1.  What is a traumatic brain injury?

 a.  A traumatic brain injury or TBI is an injury sustained to the brain through some form of trauma.  Trauma typically involves a blow to the head or the head hitting a fixed object like the ground or a windshield.  It can also involve an object, like a bullet penetrating the skull and causing injury to brain tissues;

 2.  Does a person have to lose consciousness to sustain a TBI?

 a.  No.  Loss of consciousness is not required to sustain a TBI.  It is sufficient if a person sustains a blow to the head which causes the person to be “dazed” and/or “confused”.

3.  Are there different types/severity of TBI’s?

 a.  Yes.  TBI’s are generally classified as mild (mTBI), moderate and severe. A concussion is considered a mild traumatic brain injury.

 4.  What is the Glascow Coma Score?

 a.  Glascow Coma Score or GCS is a triage tool initially used by first responders or Emergency room personnel to help assess the potential severity of a person’s TBI.  It is a scale from 0-15 with 15 representing the least form of injury.  0-7 represents a severe TBI, 7-13 represents moderate TBI and 14-15 represents a mTBI.  However, the GCS has limitations on determining severity which may depend on when the test is administered.

5.  What are some of the acute or immediate symptoms of a TBI?

 a.  Some of the most commonly experienced symptoms are confusion, short-term amnesia or memory loss, dizziness, and headaches.

6.  Do most people who sustain a blow to the head undergo any type of x-ray or brain imaging to see if there is any damage to the brain?

 a.  It depends.  Not every blow to the head will automatically trigger brain imaging by health care professionals.  If a person sustains a loss of consciousness, then it is standard practice to have the patient undergo a CAT scan of the brain to determine if there is bleeding within the brain. Some health care providers may also order a brain MRI since an MRI does not use radiation.  However, a CT scan is a cheaper option.

7.  Do all TBI’s cause permanent brain damage?

 a.  No.  Most mTBI’s resolve within a few weeks or months without any residual or permanent damage to the brain tissues or to a persons cognitive function.

8.  Can repeated blows to the head cause cumulative TBI damage?

 a.  Yes.  There is much medical literature discussing the potential for a cumulative effect of repeated blows to the head.  Multiple concussions are frequently seen in association with sports activities;

9.  Can a person who sustains a mTBI suffer permanent, long-term problems?

 a.  Yes, although most people who sustain a mTBI go on to a full recovery without residual problems, a small subset of patients go on to suffer long-term and sometimes permanent problems from a mTBI;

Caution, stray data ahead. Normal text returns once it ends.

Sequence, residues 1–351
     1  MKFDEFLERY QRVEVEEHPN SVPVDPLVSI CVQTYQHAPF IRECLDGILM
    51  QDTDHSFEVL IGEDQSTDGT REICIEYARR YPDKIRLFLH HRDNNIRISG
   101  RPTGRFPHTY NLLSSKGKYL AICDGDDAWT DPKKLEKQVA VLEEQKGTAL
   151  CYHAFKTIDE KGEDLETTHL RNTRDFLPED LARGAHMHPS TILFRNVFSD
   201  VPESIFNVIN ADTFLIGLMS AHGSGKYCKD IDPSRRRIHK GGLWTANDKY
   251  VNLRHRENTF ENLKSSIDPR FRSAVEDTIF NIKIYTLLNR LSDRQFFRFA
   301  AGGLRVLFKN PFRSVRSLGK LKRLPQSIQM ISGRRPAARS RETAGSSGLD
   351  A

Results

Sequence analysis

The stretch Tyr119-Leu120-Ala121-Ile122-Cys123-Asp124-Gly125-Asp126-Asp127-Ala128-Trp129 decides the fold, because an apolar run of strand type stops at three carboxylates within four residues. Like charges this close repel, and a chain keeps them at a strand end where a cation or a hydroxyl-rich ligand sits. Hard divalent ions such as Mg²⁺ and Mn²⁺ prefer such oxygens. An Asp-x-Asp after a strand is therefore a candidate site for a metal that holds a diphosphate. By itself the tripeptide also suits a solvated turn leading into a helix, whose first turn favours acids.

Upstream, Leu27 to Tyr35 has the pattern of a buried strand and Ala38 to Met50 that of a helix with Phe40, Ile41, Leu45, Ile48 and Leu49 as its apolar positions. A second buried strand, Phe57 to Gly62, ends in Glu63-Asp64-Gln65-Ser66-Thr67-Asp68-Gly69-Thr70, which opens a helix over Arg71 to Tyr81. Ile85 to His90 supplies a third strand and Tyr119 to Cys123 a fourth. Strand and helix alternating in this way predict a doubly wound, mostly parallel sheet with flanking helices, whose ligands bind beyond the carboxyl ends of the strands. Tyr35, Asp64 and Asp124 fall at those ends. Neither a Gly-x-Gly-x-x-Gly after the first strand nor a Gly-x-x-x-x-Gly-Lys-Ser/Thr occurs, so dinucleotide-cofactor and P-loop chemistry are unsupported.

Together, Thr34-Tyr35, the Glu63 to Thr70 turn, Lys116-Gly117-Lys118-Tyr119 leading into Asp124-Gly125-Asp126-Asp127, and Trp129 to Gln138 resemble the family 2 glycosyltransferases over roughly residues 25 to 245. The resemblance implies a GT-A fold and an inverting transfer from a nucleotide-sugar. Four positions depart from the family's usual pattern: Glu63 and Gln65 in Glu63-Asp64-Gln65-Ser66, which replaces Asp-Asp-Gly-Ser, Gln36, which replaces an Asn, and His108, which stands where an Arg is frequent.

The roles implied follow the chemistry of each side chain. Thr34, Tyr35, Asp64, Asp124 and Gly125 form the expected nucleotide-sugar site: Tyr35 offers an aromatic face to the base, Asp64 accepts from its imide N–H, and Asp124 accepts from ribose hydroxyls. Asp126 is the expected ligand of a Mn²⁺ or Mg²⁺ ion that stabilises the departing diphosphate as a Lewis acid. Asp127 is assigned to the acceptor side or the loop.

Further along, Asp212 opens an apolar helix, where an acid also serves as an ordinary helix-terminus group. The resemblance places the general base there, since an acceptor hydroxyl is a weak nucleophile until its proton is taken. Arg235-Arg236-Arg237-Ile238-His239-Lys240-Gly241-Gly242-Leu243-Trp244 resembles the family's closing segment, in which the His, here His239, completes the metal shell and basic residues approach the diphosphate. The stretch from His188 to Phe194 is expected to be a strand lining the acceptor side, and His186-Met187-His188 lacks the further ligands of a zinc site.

10.  Is there a way to test to see if a TBI has caused damage to a person’s thought processes or overall brain function?

 a.  Yes.  A person who sustains a TBI may undergo neuropsychological testing which is designed to determine if there are impairments to the functioning of the brain.  If impairment is detected, it may be correlated with brain imaging studies taken immediately after the accident.

 11.  Does all potential damage caused by a TBI show up on brain imaging?

 a.  No.  Shearing or stretching of the brain tissues frequently do not show up on initial CT or MRI scans.  There can also be microscopic brain injury in the deep tissues of the white matter of the brain that does not show up on CT scans or MRI scans.

12.  How can it be determined if the TBI has caused injury to the brain’s white matter or other locations of brain tissue if the CT and MRI scans are negative?

 a.  If a patient continues to suffer clinical symptoms from their brain injury, there are newer more advanced types of brain injury testing that can help shed light on whether there is deeper damage to the brain.  One of these newer technologies is called Diffusion Tensor Imaging or DTI.

13.  What is Diffusion Tensor Imaging?

 a.  It is used in conjunction with a high resolution MRI to measure the way water molecules travels through brain tissues.  It can determine if there is damage to certain structures in the brain by reviewing any restrictions to the way those water molecules move throughout the brain tissues.

14.  Should people who sustain mTBI seek follow up care and if so, from what type of physician?

 a.   Yes.  Even mTBI’s can cause permanent, ongoing symptoms.  Generally, neurologists are the doctors who can provide ongoing assessment and care following a TBI.  If symptoms persist, they may order an MRI or neuropsychological testing on the patient;

 15.  Can TBI’s cause a change in a person’s personality and behavior?

 a.   Yes.  Depending on the severity and location  of the TBI, such injuries can affect the frontal lobe of the brain which controls mood, behavior and executive functions.